Dubai’s flagship carrier Emirates and sister airline flydubai have restored normal operations after a record-breaking storm caused severe flooding across the United Arab Emirates earlier this week, the airlines said on Saturday.

Emirates cancelled nearly 400 flights and delayed many more as a result of a record storm that hit the desert city of Dubai on Tuesday, according to a statement released by the airline’s president, Tim Clark.

“As of this morning … our regular flight schedules have been restored. Passengers previously stranded in the airport transit area … are en route to their destinations.

“It will take us some more days to clear the backlog of rebooked passengers and bags, and we ask for our customers’ patience and understanding,” Clark added. He also said that Emirates provided 12,000 hotel rooms and 250,000 meal vouchers to affected customers.

Flydubai also returned to its full flight schedule from the airport’s Terminal 2 and Terminal 3 today following the weather-related disruption, a spokesperson for the airline said in a statement.

According to the Civil Aviation Authority’s (CAA) website, various carriers’ flights from Pakistan are travelling to and from Dubai.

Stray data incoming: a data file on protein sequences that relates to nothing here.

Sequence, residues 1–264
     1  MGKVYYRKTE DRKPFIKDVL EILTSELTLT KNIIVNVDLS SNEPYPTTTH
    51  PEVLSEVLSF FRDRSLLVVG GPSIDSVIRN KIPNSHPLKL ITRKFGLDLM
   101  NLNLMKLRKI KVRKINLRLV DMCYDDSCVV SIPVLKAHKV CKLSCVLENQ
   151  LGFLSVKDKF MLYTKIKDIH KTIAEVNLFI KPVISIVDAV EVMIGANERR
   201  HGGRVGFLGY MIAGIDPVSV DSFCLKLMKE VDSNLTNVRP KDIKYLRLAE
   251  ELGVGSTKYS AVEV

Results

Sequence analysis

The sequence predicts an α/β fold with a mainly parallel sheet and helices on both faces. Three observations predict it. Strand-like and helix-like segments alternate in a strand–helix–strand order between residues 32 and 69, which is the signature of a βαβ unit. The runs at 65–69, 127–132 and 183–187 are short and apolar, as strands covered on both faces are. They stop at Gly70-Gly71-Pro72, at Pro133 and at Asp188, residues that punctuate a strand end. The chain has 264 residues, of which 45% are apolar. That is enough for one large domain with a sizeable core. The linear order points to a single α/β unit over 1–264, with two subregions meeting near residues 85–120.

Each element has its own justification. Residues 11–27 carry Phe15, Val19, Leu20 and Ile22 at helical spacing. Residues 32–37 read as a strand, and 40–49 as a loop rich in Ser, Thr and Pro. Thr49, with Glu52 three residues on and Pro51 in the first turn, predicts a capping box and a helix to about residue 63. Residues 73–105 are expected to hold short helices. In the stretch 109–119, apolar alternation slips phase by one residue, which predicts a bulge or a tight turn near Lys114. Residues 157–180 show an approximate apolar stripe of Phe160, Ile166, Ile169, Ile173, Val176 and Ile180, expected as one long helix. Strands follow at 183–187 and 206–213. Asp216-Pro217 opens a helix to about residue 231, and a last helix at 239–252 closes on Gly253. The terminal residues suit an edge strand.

Due to the impact of the storm, the airline suspended check-in for passengers departing from Dubai and halted its transit operations through Dubai International Airport, a major global travel hub, leaving thousands of travellers stranded.

The airport has struggled to return to normal operations after the storm flooded taxiways, forcing flight diversions, delays and cancellations.

The UAE has suffered the impact of the flooding for days, with roads between the city and Abu Dhabi still partially underwater as of Saturday. In Abu Dhabi, some supermarkets and restaurants faced product shortages, unable to receive deliveries from Dubai.

Researchers have linked extreme weather events such as Tuesday’s storm to climate change and anticipate that global warming will lead to higher temperatures, increased humidity and a greater risk of flooding in parts of the Gulf region.

A lack of drainage infrastructure to cope with heavy rains in countries such as the UAE can put them at particular risk of flooding.

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